Nokleberg contends that he was entitled to a 10% discount on all purchases from Sheyenne. This discount would have amounted to 10% of $161,757.57, or $16,175.76. In support thereof, Nokleberg testified that other lumber companies in the area gave a 10% discount to carpenters. A review of the record fails to indicate that Nokleberg at any time during the period covered by the transactions at issue had ever requested such discount from Sheyenne, and Nokleberg did not at any time object to not receiving the 10% discount until suit was commenced herein. Sheyenne denied ever having offered Nokleberg any such discount and also denied that it was a customary business practice in the area to do so. The court found that Nokleberg was not entitled to the 10% discount and this finding is supported by the evidence, and is not clearly erroneous. Rule 52(a), N.D.R.Civ.P. Eakman v. Robb, 237 N.W.2d 423 (N.D. 1973).

As this court stated, in Hager v. Devils Lake Public School Dist., 301 N.W.2d 630, 634 (1981):

"The custom or usage must be proved as any other fact. Peterson v. McCarney, 254 N.W.2d 438 (N.D. 1977). Whether or not a custom or usage exists is a question of fact."

The court further found that the special master gave credit to Nokleberg, as of December 21, 1971, for the sum of $11,154.67, which shows an additional credit of $337.20, resulting in an aggregate total credit of $11,491.87. Sheyenne did not refute this credit and, accordingly, the court granted the additional credit in the sum of $337.20 to Nokleberg.

Nokleberg further contends that he is entitled to an additional credit of $4,500.00. This sum is represented by $725.00 (for hauling, loading, and unloading of lumber and materials on the Kenneth Anderson farm, including therein the sum of $75.00 for Sheyenne's failure to deliver materials to the job site); unloading at the Lisbon 12-plex site, $640.00; and an average of $150.00 each at other miscellaneous job sites. A perusal of the record reveals that Sheyenne disputed Nokleberg's claim of $4,500.00 and that such claim was refuted not only by Sheyenne's owner and manager, but also by Kenneth Erickson, a former employee of Sheyenne's who was well acquainted with Nokleberg and the carpenters who were associated with him. Furthermore, Nokleberg at no time during the 5-year period at issue ever requested any offsets or credits for the loading and unloading of lumber and materials until after this action was instituted; nor did he refute the testimony of Kenneth Erickson to the effect that Sheyenne's delivery of materials was generally made by Erickson with the assistance of other Sheyenne employees. The court found that Nokleberg failed to establish that any business practice existed in his dealings with Sheyenne which would justify Nokleberg's claim that the $4,500.00 was due and owing to him; and the record supports such finding and it was not clearly erroneous. Rule 52(a), N.D.R.Civ.P.; In re Estate of Elmer, 210 N.W.2d 815, 820 (N.D. 1973).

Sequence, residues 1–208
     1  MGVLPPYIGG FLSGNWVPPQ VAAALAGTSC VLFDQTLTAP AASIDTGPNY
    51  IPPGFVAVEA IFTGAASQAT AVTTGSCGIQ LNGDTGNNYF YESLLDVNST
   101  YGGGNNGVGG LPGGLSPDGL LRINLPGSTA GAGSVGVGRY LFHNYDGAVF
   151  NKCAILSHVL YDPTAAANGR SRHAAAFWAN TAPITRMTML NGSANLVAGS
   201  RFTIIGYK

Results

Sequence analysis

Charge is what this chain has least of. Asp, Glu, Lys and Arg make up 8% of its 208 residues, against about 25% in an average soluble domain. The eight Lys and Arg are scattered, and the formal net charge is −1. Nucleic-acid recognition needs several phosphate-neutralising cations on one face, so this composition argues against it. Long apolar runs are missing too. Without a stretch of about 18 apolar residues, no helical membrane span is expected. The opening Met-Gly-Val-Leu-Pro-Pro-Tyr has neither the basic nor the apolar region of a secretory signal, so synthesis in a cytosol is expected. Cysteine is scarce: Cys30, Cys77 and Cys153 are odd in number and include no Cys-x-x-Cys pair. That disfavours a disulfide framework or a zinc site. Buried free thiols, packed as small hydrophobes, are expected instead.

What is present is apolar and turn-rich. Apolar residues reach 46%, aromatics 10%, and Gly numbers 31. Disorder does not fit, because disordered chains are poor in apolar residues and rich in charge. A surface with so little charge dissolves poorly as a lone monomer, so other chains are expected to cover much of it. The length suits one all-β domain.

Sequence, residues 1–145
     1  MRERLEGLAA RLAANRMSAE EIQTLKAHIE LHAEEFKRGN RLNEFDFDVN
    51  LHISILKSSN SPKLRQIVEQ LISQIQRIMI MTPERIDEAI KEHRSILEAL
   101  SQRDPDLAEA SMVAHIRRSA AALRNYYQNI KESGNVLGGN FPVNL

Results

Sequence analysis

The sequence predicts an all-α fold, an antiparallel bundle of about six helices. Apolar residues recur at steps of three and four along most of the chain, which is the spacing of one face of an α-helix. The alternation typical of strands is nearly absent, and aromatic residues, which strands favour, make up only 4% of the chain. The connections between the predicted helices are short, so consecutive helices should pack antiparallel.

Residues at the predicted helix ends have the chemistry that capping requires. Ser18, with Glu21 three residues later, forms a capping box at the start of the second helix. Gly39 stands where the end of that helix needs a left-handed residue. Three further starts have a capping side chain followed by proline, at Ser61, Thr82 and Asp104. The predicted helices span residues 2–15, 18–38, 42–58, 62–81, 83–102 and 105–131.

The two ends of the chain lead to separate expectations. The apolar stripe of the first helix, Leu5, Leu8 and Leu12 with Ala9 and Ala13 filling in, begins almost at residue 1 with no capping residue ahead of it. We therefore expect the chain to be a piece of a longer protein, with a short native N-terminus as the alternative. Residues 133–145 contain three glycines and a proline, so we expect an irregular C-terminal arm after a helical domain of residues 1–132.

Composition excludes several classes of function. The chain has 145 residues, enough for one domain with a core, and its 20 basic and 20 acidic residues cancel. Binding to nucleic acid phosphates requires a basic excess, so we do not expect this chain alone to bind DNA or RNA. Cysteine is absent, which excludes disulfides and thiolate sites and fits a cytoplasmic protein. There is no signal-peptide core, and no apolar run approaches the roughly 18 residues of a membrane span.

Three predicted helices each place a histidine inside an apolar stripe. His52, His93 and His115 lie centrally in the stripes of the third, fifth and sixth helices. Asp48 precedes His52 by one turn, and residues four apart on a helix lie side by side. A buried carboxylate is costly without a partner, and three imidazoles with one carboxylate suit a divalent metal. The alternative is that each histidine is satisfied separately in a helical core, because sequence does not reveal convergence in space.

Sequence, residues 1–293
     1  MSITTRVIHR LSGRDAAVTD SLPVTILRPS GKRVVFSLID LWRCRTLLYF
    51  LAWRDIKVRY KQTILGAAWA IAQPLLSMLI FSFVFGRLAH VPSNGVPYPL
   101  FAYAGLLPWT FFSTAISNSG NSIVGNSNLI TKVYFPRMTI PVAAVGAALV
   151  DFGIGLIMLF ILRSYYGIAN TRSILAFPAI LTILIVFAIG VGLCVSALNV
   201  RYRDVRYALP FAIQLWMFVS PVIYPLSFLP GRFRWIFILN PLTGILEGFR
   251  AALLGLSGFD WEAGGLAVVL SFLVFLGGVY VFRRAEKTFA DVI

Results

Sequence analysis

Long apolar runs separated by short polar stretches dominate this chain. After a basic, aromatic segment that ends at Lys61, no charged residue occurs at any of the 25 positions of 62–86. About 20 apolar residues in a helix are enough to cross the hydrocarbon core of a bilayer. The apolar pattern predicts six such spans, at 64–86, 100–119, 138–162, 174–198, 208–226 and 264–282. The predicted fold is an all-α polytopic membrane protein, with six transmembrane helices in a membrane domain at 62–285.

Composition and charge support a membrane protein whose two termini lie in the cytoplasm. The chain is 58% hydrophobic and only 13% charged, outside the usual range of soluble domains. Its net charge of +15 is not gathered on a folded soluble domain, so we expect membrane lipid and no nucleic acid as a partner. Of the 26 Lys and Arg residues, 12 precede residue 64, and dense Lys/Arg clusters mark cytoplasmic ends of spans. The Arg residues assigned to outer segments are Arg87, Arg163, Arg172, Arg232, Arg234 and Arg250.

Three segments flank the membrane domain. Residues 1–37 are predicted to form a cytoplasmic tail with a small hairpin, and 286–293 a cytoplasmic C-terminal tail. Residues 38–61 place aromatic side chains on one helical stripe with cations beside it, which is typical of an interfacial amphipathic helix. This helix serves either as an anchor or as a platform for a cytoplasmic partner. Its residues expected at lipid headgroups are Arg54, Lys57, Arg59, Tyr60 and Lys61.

The court further found that Nokleberg was not entitled to a credit of $195.50 for plywood returned to Sheyenne from the Anderson farm job site. An examination of the 950 invoices in the record reveals that Nokleberg did not have any supportive testimony other than his oral assertion that he was entitled to the $195.50 credit. There is Sheyenne's evidence in the record that each time that merchandise was returned, Sheyenne's practice was to execute a credit invoice to the customer involved. The testimony supports the judge's finding, which is not clearly erroneous. Rule 52(a), N.D.R. Civ.P. Ellendale Farmers Union Co-op Ass'n v. Davis, 219 N.W.2d 829 (N.D. 1974).

The trial court also found that Nokleberg's assertion of a $150.00 credit due him for painting a partition on a 4-H building was contradicted by Sheyenne's owner, who testified that there were a number of other 4-H construction projects on which work was being done and that credit for Nokleberg's labor for painting this partition on the 4-H building was included as part of the total 4-H work contracts; and, further, that Nokleberg has never previously claimed such credit during the 5-year period involved. The testimony supports the judge's finding and it is not clearly erroneous. Rule 52(a), N.D.R.Civ.P.; Lizakowski v. Lizakowski, 307 N.W.2d 567 (N.D. 1981).

The court also, in its findings of fact, considered Nokleberg's claim for $1,200.00 for rental for storage in Nokleberg's barn of Sheyenne's insulation. There is conflicting testimony by both parties concerning whether or not there was any charge made by Nokleberg for such storage, as well as the period for which the insulation was stored. Sheyenne's witnesses testified that Nokleberg volunteered to store the insulation for Sheyenne. Nokleberg denied having volunteered to store the insulation. However, there is independent testimony that Nokleberg offered the use of his hay loft for storage of Sheyenne's insulation without any request, demand, or agreement for rental being made. Sheyenne allowed Nokleberg the use of its lumberyard facilities without charge for his construction of trestles, rafters, and other projects. Furthermore, the record does not support a landlord-tenant relationship between the parties at any time. The court found that Nokleberg was not entitled to the $1,200.00 credit for storage and such finding is not clearly erroneous. Rule 52(a), N.D.R.Civ.P.; Klitzke v. Klitzke, 308 N.W.2d 385, 388 (N.D. 1981).